If you do too much for a child they develop something called, “learned helplessness.” They actually believe they aren’t capable of doing for themselves and so they stop trying.
Have you developed learned helplessness?
Do you no longer believe you can make it as a single mom?
Do you no longer think you can get your GED?
Do you no longer believe you could go back to college?
Do you no longer think you can get off food stamps and make it on your own?
Open your eyes.
See what God has for you and BELIEVE
Self-respect brings relief from dependency on others’ opinions of you.
When it came time for the Junior Senior Prom Kimberly was feeling left out. I knew she wanted to visit her friends in Ruston and so without mentioning that it was prom weekend I offered to take her for a weekend trip to Ruston. We went and had a great time there. Back home as we were taking her things from the car she casually mentioned that it had been the prom weekend. Of course she was disappointed and would’ve much preferred going to the prom, but she made another choice and we made a fun memory.
- Are you able to make alternative plans when others fall through?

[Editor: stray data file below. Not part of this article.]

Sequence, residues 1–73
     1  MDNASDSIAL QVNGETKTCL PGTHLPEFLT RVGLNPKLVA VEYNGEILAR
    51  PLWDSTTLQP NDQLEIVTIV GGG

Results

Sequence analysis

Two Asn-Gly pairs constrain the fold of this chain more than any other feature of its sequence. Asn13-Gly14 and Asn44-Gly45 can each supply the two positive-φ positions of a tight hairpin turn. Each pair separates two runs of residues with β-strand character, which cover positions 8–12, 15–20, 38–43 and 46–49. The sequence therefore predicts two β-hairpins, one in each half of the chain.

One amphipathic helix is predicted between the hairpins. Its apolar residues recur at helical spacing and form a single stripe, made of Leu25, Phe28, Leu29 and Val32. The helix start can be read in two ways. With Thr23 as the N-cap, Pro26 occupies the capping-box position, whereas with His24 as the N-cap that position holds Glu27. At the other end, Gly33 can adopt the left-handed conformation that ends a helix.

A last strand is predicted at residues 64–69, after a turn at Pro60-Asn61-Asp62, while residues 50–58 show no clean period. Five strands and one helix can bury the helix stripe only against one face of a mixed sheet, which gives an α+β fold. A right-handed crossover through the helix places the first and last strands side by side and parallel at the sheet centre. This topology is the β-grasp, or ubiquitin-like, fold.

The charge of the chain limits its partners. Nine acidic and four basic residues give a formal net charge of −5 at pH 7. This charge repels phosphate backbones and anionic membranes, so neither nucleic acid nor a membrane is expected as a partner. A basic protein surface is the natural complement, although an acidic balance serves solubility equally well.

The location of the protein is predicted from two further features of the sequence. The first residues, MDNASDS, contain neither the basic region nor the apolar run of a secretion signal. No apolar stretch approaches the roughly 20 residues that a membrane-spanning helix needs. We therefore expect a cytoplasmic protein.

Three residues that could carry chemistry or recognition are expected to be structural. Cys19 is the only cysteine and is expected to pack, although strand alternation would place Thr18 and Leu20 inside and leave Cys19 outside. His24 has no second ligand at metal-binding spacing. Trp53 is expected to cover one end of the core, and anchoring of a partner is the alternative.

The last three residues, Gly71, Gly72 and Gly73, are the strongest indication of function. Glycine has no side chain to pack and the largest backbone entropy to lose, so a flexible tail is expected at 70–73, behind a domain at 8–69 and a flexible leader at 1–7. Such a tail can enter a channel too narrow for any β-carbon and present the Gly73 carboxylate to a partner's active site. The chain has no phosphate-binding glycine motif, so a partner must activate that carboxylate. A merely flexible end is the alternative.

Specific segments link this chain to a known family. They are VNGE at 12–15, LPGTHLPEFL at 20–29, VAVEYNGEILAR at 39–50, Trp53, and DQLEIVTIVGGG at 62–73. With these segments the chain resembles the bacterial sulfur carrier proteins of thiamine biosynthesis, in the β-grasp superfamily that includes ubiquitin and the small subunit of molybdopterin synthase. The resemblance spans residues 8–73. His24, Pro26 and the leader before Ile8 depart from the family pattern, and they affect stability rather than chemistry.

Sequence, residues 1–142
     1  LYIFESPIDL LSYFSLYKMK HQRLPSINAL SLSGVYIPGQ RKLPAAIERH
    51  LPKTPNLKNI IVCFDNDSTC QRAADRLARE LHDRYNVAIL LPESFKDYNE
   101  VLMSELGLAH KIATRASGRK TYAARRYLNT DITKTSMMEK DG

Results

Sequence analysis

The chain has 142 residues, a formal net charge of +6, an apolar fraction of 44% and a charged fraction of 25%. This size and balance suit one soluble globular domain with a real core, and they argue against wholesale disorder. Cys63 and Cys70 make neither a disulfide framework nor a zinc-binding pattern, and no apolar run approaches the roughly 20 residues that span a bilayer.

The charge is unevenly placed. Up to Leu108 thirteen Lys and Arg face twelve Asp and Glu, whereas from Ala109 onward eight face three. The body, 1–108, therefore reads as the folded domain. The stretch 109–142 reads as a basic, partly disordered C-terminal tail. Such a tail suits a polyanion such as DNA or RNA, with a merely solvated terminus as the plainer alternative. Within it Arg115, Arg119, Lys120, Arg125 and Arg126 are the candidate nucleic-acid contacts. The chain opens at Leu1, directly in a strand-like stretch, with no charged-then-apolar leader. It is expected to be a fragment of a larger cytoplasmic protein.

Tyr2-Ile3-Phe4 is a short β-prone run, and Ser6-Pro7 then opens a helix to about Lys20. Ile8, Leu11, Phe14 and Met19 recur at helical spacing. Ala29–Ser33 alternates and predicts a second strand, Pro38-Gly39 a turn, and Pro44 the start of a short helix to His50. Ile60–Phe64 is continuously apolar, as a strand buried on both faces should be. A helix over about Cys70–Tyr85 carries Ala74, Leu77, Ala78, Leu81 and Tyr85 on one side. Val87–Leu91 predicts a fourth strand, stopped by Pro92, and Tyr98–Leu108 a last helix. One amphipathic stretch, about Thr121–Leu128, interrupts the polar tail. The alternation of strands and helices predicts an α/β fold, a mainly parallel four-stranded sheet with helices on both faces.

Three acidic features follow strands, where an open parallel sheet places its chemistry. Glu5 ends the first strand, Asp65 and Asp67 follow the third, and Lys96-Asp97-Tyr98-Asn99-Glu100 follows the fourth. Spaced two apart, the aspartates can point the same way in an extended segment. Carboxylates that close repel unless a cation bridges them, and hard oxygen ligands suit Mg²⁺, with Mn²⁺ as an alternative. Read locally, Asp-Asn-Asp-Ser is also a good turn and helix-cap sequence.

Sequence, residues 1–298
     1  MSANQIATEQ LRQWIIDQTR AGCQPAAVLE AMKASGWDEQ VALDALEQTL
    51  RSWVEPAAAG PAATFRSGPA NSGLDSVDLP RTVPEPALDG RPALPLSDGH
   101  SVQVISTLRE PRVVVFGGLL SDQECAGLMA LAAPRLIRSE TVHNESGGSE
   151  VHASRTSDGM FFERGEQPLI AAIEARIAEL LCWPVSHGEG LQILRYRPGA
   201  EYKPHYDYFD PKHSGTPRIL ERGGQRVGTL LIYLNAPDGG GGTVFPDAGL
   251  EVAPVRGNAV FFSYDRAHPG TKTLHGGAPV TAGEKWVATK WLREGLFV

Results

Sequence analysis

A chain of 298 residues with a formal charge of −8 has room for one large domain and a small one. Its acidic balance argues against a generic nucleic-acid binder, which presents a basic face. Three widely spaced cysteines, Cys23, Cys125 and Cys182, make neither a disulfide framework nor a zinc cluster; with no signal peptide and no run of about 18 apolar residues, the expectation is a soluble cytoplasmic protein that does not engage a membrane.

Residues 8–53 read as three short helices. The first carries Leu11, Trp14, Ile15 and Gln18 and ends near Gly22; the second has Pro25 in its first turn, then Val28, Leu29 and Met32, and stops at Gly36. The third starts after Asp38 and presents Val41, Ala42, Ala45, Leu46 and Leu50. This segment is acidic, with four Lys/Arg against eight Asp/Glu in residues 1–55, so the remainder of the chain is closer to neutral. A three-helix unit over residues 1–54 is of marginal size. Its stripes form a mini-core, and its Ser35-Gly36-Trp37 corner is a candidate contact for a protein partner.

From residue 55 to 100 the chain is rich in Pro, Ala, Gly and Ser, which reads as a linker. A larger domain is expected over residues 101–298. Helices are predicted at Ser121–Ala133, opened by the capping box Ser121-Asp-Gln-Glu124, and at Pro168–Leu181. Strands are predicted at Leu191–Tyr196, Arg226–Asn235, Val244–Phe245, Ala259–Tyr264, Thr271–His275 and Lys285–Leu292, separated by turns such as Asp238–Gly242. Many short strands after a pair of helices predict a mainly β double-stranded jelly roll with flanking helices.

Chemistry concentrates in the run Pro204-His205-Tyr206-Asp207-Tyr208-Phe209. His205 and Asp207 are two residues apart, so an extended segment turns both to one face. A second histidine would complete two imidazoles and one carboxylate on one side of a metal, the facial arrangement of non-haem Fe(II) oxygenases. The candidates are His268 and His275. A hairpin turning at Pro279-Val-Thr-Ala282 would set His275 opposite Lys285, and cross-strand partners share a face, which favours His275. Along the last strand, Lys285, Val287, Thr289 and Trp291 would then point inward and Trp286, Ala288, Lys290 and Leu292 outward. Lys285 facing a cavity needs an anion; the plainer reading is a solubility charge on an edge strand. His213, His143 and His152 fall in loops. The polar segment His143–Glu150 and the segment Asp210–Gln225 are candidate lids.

- If your marriage didn’t work out are you able to take a different, but still promising path?
- When life interrupts your plans, what do you do?
SENSE OF HUMOR
Paper weight on my desk: “Angels fly because they take themselves lightly.”
Being able to laugh can take away the heaviness of life.
I’ve read, “A well developed sense of humor helps you detach from personal struggles. You can avoid taking yourself too seriously-starting today.”
My husband, Sam, and I have developed our style of humor that works for us. We learned a great deal from the personality studies. We can tease each other about our personal quirks. It has saved us from many an argument.
When Kimberly was in high school we often met in the mornings in the braille room. One particular morning I noticed she looked especially attractive. I didn’t realize it was the day for school pictures. She was wearing a little make-up even. Wanting to encourage her I said, “You look great today. Your eyes are bright.” To which she quickly retorted, “Yes, I know, we scrubbed them this morning.”
Learning to laugh, even at ourselves, is important.